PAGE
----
The Jama ' At I Islami Essay

The Jama ' At I Islami Essay

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The Jama’at-i Islami was one of the first and most influential parties in the Indian subcontinent, and it is still considered to be one of the most significant religious and political groups in the Muslim world. The Jama’at-i Islami is considered a fundamentalist or Islamist group that advocates for a return to Islamic orthodoxy and calls for an Islamic state. The power of the Jama’at, however, cannot be separated from the prestige and influence of its founder Saiyid Abdul Ala (Mawlana) Maududi. Since its foundation, the Jama’at’t has spread throughout South Asia, with branches in India, Bangladesh, and Pakistan. However, while the Jama’at-i Islami is famous for its influence, receiving bad media coverage in the West, until recently the Jama’at, as an organization/political party in of itself, has made few tangible contributions to the growth of the state. Despite the accepted idea that the Jama’at-i Islami is at the center of all Islamic movements in South Asia, the party actually has very little political influence and very few numbers. While the party itself is not as influential as believed or advertised in numbers, the Jama’at-i Islami’s mission and consistency have made it a force to be reckoned with. The ideology of the Jama’at-i Islami as a centerpiece for Islamic reform, as opposed the actual actions of the organization, drives the Islamic movement in South Asia.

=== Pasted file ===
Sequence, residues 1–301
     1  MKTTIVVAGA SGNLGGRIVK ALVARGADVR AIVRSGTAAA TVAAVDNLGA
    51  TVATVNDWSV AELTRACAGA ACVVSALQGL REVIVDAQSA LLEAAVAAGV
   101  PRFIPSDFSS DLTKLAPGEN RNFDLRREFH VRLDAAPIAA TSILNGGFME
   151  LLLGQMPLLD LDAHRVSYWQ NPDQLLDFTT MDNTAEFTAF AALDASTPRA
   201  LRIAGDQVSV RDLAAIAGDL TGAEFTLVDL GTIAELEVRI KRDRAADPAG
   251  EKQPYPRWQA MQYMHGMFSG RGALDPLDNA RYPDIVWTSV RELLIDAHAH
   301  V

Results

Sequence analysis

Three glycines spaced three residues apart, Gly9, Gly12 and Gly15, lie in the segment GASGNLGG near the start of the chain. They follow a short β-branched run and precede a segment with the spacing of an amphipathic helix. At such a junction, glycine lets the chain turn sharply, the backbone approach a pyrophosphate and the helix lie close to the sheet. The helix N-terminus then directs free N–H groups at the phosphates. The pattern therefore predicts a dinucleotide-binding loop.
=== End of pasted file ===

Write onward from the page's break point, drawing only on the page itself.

Often considered the torchbearer of Pakistan , Jama’at-i Islami’s founder is responsible for the mission and ideals of the organization and he is credited with founding Islamic fundamentalism and the Islamist movement in South Asia. Saiyid Abdul Ala (Mawlana) Maududi was born in 1903 in Aurangabad, in present day Maharashtra. Maududi was not educated in t...

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...gious legitimacy that allowed General Zia to initially have a successful and widely supported reign. After General Zia began to fill government positions with radical Islamists, deviating from the original plan of improving the social and economic conditions of the nation before implementing strict Islamic laws, the Jama’at’s support for Zia grew weaker. After Zia banned student unions in 1984, the Jama’at officially withdrew support and protested among other Islamic groups.
As demonstrated by this narrative, the Jama’at-i Islami’s authority gained considerable influence during the 1980s, as potential leaders sought to align themselves with the Jama’at in order to gain religious authority that they could later manipulate to justify their actions while ruling the nation. As opposed to its lack of influence and condemnation by the state as late as 1975, the Jama’at

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